There was a group of young workers who liked working under Stalin and they were called the Stakhanovites. The Stakhanovites were named after a coal miner by the name of Alexei Stakhanov in the Donbas region. He was supposed to have cut 102 tonnes of coal on his own in a single shift[4], while the normal amount was of 7 tonnes therefore 14 times the usual amount a man would produce[5]. Afterwards many others, younger workers especially, would follow Alexei Stakhanov footsteps and produce even more than he did and their achievements would be reported in the newspapers. It seems as if the conditions of workers have changed, because most Stakhanovites were given new flats, given medals and made ‘Heroes of Socialist Labour’. Therefore some of the Stakhanovites’ lives improved as quoted in a Magnitogorsk newspaper by Sheila Fitzpatrick, ‘Aleksei Tischenko…By 1936 the couple owned furniture, including a couch and a wardrobe, as well as dress clothes, including two overcoats, some women’s dresses, men’s suits, shoes…’[6] During that time, common Russians did not even have proper housing and having furniture and clothing was a luxury. For other Stakhanovites, life was not the same. They were not popular among the workforce, as they pushed the production norm, on which wages were calculated. There were badly treated and some were even murdered. Few had new flats and holidays, most had to be satisfied with much less than in the quote above. For Stalin, ‘everyone works according to his abilities and receives not according to his needs, but according to what he produces’[7], therefore nobody gets anything until they produced something.
The people who hated the new work practices and who usually complained were average age men. In 1929 the government introduced a new policy called the ‘uninterrupted week’[8]; it obliged the workers to work all seven days of the week and having a rest day off on any day. The problem with this new rule was that couples complained that they did not have time for each other anymore and Christians could not go to Church on Sundays as often as they wanted. Also absenteeism was introduced to prevent workers from missing work or arriving late. It was to punish the workers who skipped a day’s work without consent and reason and they will evict from their job if done so. In 1938, this policy was changed to being late more than twenty minutes without good explanation[9]. This made workers work in a factory a few days and then go to another city or town to start over, therefore internal passports were invented. These unable workers to leave the town they lived in and could not move without the police’s consent. A proportion of the workers were also forced labour, where they had to work under compulsion, fear of physical punishment or being denied food. This therefore increased the suicides rates and conditions were not very good. But however there was still some optimism from these workers in building the first Communist society, to build that paradise on earth that Marx prophesied. And workers believed that it was enough to have survived one day of it and they will just have to live to see another day[10].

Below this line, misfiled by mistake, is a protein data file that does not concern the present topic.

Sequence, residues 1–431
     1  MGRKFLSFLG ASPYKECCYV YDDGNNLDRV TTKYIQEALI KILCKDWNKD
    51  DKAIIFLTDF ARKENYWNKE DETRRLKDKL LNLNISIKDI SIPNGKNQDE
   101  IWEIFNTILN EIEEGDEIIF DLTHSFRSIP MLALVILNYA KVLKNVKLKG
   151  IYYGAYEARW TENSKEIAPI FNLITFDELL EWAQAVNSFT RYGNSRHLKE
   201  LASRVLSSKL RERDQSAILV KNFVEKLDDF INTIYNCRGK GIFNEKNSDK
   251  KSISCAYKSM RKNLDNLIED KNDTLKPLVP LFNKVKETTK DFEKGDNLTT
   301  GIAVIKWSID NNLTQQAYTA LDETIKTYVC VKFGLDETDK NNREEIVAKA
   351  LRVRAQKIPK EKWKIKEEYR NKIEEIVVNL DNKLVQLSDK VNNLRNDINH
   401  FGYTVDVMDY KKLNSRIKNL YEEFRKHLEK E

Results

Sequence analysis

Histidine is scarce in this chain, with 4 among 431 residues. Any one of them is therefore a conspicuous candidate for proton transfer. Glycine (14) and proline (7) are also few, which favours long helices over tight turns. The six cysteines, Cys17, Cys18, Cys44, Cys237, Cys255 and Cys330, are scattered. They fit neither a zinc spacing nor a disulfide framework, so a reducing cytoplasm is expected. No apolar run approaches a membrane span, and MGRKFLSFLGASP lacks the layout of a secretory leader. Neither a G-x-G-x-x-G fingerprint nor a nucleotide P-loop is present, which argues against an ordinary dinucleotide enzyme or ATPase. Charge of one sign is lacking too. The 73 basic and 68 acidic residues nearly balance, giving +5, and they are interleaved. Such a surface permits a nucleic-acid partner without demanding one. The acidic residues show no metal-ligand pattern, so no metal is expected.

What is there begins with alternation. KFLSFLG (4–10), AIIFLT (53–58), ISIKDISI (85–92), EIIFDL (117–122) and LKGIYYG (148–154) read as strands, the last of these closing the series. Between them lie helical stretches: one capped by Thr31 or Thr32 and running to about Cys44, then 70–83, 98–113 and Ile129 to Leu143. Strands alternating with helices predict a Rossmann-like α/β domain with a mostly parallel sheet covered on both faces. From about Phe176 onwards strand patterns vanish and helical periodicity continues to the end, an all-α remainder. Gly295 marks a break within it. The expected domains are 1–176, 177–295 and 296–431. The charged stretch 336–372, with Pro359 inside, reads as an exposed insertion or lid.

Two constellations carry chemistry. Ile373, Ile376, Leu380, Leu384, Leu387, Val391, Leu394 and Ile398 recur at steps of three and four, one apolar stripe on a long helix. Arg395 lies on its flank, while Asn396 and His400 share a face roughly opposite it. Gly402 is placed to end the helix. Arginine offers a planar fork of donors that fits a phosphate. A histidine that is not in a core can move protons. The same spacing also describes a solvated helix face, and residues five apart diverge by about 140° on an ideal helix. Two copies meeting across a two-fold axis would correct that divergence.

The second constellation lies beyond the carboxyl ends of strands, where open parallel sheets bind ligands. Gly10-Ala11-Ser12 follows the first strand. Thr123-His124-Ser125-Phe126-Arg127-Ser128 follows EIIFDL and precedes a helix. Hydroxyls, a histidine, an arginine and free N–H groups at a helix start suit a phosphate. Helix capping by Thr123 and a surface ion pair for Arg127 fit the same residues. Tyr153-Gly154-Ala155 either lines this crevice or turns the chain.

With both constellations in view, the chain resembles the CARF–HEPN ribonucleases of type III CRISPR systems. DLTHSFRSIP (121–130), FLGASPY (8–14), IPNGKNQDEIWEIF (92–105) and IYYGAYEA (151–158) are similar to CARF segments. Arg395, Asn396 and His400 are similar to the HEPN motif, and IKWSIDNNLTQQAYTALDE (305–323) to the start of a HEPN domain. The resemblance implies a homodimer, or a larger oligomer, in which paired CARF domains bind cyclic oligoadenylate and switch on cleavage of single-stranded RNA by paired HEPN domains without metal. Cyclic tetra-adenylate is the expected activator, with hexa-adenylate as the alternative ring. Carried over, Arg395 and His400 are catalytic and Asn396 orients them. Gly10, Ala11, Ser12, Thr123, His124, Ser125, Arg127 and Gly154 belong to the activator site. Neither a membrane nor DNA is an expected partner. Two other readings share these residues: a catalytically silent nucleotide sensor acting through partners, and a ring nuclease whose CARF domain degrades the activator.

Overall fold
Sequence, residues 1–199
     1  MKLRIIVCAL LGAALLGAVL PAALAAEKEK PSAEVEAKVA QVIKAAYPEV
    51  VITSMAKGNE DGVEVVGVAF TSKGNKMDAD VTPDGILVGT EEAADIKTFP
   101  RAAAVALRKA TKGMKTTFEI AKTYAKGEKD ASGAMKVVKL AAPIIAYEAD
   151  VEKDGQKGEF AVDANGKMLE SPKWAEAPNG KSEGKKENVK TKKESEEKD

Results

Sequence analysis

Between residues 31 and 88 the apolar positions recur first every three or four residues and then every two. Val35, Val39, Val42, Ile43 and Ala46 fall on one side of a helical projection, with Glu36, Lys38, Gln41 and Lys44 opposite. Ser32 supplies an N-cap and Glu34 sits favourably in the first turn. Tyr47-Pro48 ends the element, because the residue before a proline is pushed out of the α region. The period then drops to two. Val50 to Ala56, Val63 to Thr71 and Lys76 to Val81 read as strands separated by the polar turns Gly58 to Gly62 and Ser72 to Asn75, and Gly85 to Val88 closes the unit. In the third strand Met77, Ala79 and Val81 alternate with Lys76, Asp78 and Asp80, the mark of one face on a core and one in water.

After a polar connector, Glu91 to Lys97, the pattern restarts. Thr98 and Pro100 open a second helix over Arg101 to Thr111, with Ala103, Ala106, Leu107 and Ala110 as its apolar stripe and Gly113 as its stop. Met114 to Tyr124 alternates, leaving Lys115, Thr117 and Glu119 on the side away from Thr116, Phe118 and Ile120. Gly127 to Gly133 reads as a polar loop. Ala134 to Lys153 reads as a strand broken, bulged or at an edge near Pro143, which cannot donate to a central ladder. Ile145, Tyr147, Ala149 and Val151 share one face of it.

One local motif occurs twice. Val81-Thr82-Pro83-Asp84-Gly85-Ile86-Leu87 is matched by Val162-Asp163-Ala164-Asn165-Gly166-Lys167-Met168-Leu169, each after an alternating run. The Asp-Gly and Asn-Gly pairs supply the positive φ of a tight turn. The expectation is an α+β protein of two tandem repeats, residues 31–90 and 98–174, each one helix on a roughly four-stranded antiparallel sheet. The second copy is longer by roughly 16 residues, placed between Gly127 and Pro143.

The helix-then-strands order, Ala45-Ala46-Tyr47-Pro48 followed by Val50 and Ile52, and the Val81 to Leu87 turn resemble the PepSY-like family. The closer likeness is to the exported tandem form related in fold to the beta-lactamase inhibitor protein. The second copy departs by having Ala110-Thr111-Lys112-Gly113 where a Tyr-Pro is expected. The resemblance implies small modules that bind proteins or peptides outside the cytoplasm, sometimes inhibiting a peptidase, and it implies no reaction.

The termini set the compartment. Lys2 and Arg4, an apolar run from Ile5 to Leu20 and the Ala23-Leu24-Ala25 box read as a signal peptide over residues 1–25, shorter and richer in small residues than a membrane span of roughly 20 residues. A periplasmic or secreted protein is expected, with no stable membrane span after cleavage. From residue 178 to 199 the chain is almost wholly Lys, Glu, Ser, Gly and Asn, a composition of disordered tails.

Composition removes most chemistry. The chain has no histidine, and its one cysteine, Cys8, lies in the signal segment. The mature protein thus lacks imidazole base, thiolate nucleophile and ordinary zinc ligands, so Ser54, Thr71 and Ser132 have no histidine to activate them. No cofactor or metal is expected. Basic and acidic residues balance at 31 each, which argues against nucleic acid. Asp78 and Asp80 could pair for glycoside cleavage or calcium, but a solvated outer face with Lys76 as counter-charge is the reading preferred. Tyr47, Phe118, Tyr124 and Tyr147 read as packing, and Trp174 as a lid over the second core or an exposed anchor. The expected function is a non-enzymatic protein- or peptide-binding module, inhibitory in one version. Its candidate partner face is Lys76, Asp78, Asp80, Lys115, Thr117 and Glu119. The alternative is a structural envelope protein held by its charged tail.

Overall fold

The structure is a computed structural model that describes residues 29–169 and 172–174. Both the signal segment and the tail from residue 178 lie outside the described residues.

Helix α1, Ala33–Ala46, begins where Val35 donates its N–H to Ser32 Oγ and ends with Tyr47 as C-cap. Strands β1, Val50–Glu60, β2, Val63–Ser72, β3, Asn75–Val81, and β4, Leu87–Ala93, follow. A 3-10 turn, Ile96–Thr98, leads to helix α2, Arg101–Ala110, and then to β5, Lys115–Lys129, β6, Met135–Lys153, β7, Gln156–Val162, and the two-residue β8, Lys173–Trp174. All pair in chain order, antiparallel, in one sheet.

Under Stalin and Communism many things changed and one of those things was the conditions of workers. The conditions usually changed depending on a group of people. For women working was a new opportunity that had to be taken at any cost. For young people who still were idealistic, working was to prove that Communism and the USSR were strong. For other workers, the conditions were considered dangerous and they were complaining about the new work practices. The problem of working under Stalin was that if you did not work hard enough or more then you were supposed to then you would be killed or sent to labour camps. Therefore the conditions of workers did change but not necessarily in a good way.

[1] Book: Russia: From Tsars to Commissars by Peter Oxley p.212
[2] Russia: From Tsars to Commissars by Peter Oxley p.212
[3] Russia: From Tsars to Commissars by Peter Oxley p.212
[5] Book: Russia & the USSR: 1905-1941 by Terry Fiehn
[6] Russia: From Tsars to Commissars by Peter Oxley p.215
[8] Worksheet from Mr. Heath’s book
[9] Sheet from Mr. Heath’s book
[10] Russia: From Tsars to Commissars by Peter Oxley p.223